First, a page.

Friday, February 01, 2019

single use

Stack of single use cups (Wild Bean Cafe, Christmas 2018)
The single use cup is one of the defining products of our era. Walking down a street, hot drink in hand... It's our new hearth, the provider of essential warmth and comfort but without contradicting our longing to be mobile and possession-free.

And I suppose it will be around for quite a bit longer yet, despite concerns about waste, recyclability, and carbon footprint. The cups shown here are Christmas specials, prettier than the standard disposable cups at other times of year. In Islamic countries the big coffee chains issue similarly decorative cups during the nights of Ramadan.

There were news stories a couple of years ago about the cups being unrecyclable, because they have a thin layer of plastic bonded to the cardboard. For years we had been chucking them in cardboard recycling -- apparently that was wasted effort. Somerset waste facilities now have a separate bin for the cups, along with other plastic-bonded items such as milk and juice cartons. I suppose they're now properly recycled, though I  wonder if that involves packing them off to questionably-monitored facilities in foreign countries (a subject much in the news recently).

Costa say they'll recycle any single-use cups you hand in at their cafés. (Update April 2019: Caffè Nero now have signs offering the same service )

Meanwhile, there are some efforts to make us addicts switch to using our own re-usable cups. One of our local chains, Boston Tea Party, has stopped issuing single use cups altogether. (Waitrose cafés have done the same.)

Another local chain, Coffee #1, provides fully compostable single use cups. You'll also get a 25p discount if you bring your own re-use cup. Most of the big coffee chains offer a similar incentive. Pret A Manger (50p), Starbucks (25p*), Costa (25p), Greggs (20p). Caffè Nero don't discount the drink itself, but they do give you a double stamp on your loyalty card, which I reckon equates to about 25p.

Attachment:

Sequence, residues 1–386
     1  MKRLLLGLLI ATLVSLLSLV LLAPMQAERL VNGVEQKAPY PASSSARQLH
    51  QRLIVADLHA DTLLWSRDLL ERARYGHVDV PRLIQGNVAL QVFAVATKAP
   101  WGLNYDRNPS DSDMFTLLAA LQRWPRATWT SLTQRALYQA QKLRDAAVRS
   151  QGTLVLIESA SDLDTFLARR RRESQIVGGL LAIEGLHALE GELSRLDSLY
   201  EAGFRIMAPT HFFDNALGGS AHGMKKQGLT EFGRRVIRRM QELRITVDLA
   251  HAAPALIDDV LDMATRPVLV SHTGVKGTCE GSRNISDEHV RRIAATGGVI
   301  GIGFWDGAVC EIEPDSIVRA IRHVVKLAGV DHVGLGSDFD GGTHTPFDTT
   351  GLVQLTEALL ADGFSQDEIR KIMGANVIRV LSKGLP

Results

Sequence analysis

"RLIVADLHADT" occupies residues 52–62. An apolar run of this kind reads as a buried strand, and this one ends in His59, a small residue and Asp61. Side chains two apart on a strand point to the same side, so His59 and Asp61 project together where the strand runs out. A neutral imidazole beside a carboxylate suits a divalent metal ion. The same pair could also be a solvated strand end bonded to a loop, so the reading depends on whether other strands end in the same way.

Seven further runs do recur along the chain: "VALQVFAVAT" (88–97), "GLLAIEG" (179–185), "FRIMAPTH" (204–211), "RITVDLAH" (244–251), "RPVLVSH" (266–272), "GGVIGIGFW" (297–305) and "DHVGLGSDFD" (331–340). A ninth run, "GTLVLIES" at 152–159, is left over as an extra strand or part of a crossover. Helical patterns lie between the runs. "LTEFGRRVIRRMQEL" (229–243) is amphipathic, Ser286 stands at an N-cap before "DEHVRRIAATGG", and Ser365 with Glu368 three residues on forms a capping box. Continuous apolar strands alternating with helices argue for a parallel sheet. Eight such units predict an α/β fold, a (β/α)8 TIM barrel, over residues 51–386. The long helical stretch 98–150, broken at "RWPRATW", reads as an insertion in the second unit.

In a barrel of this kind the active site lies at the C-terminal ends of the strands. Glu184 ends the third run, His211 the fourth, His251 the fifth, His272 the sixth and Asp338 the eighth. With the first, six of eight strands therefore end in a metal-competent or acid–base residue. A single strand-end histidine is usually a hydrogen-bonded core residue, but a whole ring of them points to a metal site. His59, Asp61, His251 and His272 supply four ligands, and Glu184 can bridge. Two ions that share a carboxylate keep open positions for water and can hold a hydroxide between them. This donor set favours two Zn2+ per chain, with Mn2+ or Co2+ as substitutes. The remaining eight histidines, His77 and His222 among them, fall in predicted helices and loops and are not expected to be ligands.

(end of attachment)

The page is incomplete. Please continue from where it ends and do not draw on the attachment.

*Starbucks also charge an extra 5p if you want a single-use cup, so they could argue you're "saving" 30p.

So what about the carbon footprint? Common sense would say that all those cardboard cups in landfill are locking up a lot of carbon that will take many years to be released, so maybe that's a good thing? But carbon dioxide is also released during the manufacture of the cups. What about the emissions from manufacturing plastic, porcelain and stainless steel re-usable cups? I can't help wondering about all the re-usable cups that are purchased and then never, or hardly ever, re-used.... And what about the emissions from washing-up machines? These are difficult sums. And behind all such ruminations comes the thought that really what's required is to go to less cafés, drink less tea... live a little less.

Anyway, things may be different in the metropolis but here in peripheral Britain I still don't see that many people handing over re-use cups to be filled. I've become one of them in the past year. I'm sticking with it, though frankly it's not ideal. Carrying my cup wherever I go is boring. Washing it up properly between each drink is often impractical. Tea in my re-use cup never tastes quite as good as tea in a single-use cup.


Anyway it seems there's still a place in the world for our planned booklet (one of many), 100 Uses for a Costa Cup.

The first of those uses is making more hot drinks in it. While travelling through Europe last summer, we must have got forty drinks out of each one before it finally fell apart.

You can also use them to eat food out of... Muesli, soup...

If you fold over the top, you have a crush-proof container for, say, a slice of cake.

Or for food waste, or nuts, or sea-shells. Or, uncrushed, to drop screws and other small things inwhile you're doing some car maintenance. Or a pen holder, a tissue dispenser, a coin pot.

One cup jammed inside another to make a leak proof disposal container for e.g. oil, baby-wipes.

The property of being squeezable to varying degrees. Hence, a flattened cup to correct a wobbly table. As valueless bulk for packing. To protect a fragile item in a parcel. A separator to stop furniture items rubbing together. (A stack of cups to space large items.)

An impromptu vase for flowers and grasses. An ashtray.

A subject of known size in a photo or drawing.

A mould, a pastry-ring. A prop when acting. In children's games (almost as versatile as a cardboard box).

A good scoop for water or sand.

Re-use cup and single use cup (Caffè Nero, Christmas 2018)


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